Monday, September 3, 2018

Vessels from Container Ships to Yachts Can Benefit from New Hydrographic Cooperation

River Thames Navigation Information Will Now be Available via ECDIS
Shipping News Feature
UK – As the River Thames gets busier, returning to past commercial glories as more water borne traffic enters and leaves the waterway, with developments such as the new deep water container port of London Gateway, plus the growth in barge traffic in the London area to serve the needs of various construction projects, so the importance of the work done by the Port of London's (PLA) hydrographic team, the busiest in the UK, grows in importance.

The contours of the river are constantly changing and the PLA team continually collects data on Electronic Navigation Charts (ENCs) which contain vital, real-time information about changes to some 400 square miles of riverbed, essential information for planning a ship's safe and efficient passage on the Thames. Now a new data sharing arrangement with the UK Hydrographic Office (UKHO), which plots the seabed nationwide, is set to improve the safety of ships transiting the Thames.

Under the new agreement, the UKHO is making available the super detailed PLA survey data via the Electronic Chart Display and Information Systems (ECDIS) that all ships carry. This satnav style technology is used by ships to plan their visit to London safely. Ships call at the Port of London from more than 80 countries around the world, bringing essentials supplies of food, fuel and much more.

The PLA's hydrographic team has a 17-strong staff and three purpose-built boats which together produce more than 300 surveys every year. John Pinder, PLA port hydrographer, said:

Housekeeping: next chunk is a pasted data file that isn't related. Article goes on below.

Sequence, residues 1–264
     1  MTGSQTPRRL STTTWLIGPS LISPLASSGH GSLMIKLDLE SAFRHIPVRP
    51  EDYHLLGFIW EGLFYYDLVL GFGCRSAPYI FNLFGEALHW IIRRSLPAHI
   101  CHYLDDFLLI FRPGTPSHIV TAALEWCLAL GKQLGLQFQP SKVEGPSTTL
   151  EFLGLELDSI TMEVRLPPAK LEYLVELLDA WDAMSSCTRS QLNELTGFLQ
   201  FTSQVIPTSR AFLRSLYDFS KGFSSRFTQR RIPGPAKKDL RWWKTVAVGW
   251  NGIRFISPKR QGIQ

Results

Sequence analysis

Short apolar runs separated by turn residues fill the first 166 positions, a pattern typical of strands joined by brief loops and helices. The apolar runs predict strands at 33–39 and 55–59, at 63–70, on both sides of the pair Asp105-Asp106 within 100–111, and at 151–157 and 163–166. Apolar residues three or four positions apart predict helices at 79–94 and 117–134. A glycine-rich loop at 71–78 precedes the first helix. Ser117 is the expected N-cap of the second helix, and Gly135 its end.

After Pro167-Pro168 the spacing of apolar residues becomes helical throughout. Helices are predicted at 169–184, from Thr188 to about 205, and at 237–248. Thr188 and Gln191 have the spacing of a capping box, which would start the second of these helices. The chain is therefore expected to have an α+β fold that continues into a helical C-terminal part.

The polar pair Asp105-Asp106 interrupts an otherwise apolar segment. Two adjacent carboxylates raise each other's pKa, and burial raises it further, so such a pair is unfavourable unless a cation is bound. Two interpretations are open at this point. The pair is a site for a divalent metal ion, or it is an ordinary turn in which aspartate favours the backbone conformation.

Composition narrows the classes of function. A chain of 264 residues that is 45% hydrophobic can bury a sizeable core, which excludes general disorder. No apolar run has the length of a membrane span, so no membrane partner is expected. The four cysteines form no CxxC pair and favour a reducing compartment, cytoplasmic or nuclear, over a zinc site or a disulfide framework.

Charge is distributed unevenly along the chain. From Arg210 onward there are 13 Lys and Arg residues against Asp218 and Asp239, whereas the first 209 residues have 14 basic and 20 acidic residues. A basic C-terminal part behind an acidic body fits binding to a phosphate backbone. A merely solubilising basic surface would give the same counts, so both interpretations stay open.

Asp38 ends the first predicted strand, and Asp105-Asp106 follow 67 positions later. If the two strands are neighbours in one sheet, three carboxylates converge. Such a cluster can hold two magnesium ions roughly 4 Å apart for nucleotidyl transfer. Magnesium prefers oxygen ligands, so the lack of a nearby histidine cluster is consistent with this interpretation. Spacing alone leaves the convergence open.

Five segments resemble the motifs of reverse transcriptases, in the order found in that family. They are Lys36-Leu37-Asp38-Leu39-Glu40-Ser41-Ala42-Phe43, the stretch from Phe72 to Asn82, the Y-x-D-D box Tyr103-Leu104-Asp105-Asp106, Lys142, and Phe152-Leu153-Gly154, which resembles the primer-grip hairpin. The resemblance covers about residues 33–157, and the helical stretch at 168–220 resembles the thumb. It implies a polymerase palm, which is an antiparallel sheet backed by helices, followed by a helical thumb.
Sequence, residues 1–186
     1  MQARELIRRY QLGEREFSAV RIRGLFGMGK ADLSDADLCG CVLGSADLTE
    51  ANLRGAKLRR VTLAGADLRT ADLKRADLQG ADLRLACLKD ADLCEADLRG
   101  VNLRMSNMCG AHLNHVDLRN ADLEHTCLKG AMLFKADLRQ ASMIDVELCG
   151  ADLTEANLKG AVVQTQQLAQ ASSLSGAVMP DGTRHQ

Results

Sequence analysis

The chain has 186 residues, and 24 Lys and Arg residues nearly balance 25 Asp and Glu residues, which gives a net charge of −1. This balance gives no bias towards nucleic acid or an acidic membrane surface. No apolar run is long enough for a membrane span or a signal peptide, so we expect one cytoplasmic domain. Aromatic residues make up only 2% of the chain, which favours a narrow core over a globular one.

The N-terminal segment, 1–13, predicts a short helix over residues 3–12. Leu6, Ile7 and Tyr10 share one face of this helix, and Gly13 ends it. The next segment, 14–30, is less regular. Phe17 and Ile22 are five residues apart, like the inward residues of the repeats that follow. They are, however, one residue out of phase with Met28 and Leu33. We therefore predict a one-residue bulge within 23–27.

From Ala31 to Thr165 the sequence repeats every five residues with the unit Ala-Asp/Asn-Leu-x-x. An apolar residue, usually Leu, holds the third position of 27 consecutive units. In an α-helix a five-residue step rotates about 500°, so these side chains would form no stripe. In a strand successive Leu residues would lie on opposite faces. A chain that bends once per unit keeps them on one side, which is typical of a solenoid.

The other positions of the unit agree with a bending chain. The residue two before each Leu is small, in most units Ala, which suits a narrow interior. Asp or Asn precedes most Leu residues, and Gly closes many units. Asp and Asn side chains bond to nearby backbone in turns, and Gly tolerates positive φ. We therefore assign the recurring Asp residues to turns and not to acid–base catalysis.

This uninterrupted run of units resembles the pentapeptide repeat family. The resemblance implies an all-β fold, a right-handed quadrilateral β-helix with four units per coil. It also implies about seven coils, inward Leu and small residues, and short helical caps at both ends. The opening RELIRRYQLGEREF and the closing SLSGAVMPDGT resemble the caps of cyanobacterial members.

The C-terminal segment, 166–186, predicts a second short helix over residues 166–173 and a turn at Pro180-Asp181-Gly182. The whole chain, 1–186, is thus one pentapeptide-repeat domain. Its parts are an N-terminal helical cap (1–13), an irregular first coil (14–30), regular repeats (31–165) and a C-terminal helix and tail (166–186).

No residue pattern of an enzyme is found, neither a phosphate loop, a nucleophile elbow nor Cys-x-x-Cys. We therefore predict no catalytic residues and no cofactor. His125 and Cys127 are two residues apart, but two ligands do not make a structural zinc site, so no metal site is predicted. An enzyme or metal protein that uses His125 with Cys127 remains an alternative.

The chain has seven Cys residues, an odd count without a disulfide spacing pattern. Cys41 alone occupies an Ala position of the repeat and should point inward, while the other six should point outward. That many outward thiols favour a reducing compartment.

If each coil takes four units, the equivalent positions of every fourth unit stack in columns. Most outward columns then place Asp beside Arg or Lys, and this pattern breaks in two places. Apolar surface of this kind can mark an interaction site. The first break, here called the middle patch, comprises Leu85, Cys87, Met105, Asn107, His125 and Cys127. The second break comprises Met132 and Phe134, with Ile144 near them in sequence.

"This has been possible thanks to continued investment in the latest technology and having competent surveyors and crew, meaning we meet the stringent demands for safety of navigation surveys. Over the past 10 years we have been out there with lasers and drones, as well as sonar systems, capturing every last detail of the structures on the Thames and getting them onto the highly detailed charts. By the end of the year, the majority of existing vessels will be required to carry ECDIS systems and it's great news for us to be providing ENCs direct to the UKHO.”

For their part the team at UKHO were equally enthusiastic about the new cooperation, with port relations manager, Rory Shepherdson, commenting:

"We're extremely proud to have worked with the PLA on this project. As a result of this collaboration, mariners will now be able to access official, large-scale ENC coverage of the Thames, capitalising on the highly accurate and detailed survey data collected by the PLA.

"These ENCs feature one-metre depth contours and increased sounding density, which will help users to navigate through shallow areas of water with greater confidence. This improved detail is hugely important to ships navigating the Thames and will support efficiency of maritime trade in London.

"Working closer with the PLA will also help to improve the speed at which this important information reaches ships, so they have the most up-to-date safety information when visiting the port. Not only is this a major milestone for the PLA and UKHO, but it is also a big step forward in enhancing ENC coverage of UK waters."

Photo: (left to right) UKHO chief executive John Humphrey with PLA chief executive Robin Mortimer and port hydrographer John Pinder